There was cause for celebration in the Swedish Radiosurgery Center on Thursday, Dec. 16, as neurosurgeon Ronald Young, M.D. (left), medical director of the Gamma Knife® program, and radiation oncologist Bob Meier, M.D. (below), medical director of the CyberKnife program, treated the center’s first two Gamma Knifepatients. The center, formerly known as the Seattle CyberKnife Center, supports both the Swedish Cancer Institute and the Swedish Neuroscience Institute.

The center has offered CyberKnife services since 2006. This year Swedish installed an Elekta Leksell Perfexion Gamma Knife®, making it one of the most advanced stereotactic radiosurgery centers in the country. CyberKnife can be used to treat cancerous and noncancerous tumors in all areas of the body.

At Swedish, Gamma Knife will be used to treat cancer of the brain and some neurological conditions, such as essential tremor, trigeminal neuralgia and arteriovenous malformations. Providing Swedish neurosurgeons and radiation oncologists access to both of these advanced technologies gives them greater flexibility in selecting the best radiation therapy for their patients. For more information, go to www.swedish.org/radiosurgery or call 206-320-7130.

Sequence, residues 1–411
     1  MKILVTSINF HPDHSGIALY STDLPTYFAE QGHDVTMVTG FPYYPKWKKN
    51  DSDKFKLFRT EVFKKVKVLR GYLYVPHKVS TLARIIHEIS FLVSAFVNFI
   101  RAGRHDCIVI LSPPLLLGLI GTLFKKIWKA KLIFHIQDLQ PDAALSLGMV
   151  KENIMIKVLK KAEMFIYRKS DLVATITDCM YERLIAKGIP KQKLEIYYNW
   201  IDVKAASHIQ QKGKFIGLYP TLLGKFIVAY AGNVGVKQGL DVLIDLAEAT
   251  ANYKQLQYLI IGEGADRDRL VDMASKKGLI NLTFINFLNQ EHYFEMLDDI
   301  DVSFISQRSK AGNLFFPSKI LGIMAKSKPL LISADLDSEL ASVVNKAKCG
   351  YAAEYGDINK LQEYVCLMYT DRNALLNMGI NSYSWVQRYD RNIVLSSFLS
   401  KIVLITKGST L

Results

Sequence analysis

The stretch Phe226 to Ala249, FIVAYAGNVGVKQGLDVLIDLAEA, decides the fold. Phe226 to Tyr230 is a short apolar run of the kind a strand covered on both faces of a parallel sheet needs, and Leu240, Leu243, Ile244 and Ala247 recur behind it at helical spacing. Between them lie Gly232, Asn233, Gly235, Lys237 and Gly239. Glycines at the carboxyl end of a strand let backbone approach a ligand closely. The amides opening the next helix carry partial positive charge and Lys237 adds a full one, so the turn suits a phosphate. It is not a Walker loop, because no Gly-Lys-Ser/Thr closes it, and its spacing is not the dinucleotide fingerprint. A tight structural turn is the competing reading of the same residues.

SNI Grand Rounds Series 2010 - Extending the Window for Stroke Therapy: The Role of Imaging

Karen Pabillon
Thursday December 16, 2010
7:30am - 8:30am
Swedish Education and Conference Center, Room B
Gregory W. Albers, M.D., Professor of Neurology, Stanford University
Objectives:

At the conclusion of this session, attendees will have an increased ability to:

  • Discuss options for expanding the treatment window for acute ischemic stroke
  • Review the role of neuroimaging for identification of salvable tissue in stroke patients
  • Discuss the results of the DEFUSE trial and the study design of the ongoing DEFUSE 2

SNI Grand Round Series is every 1st and 3rd Thursday of each month.

Results 43-49 of 68

Top Authors

Karen Pabillon
Peggy Shortt, MN, ARNP

Peggy Shortt, MN, ARNP
Manager, Swedish Deep Brain Stimulation Program

John W Henson IV

John W Henson IV
Director, Neurology

Erin Kieper

Erin Kieper
Program Development Manager, Swedish Radiosurgery Center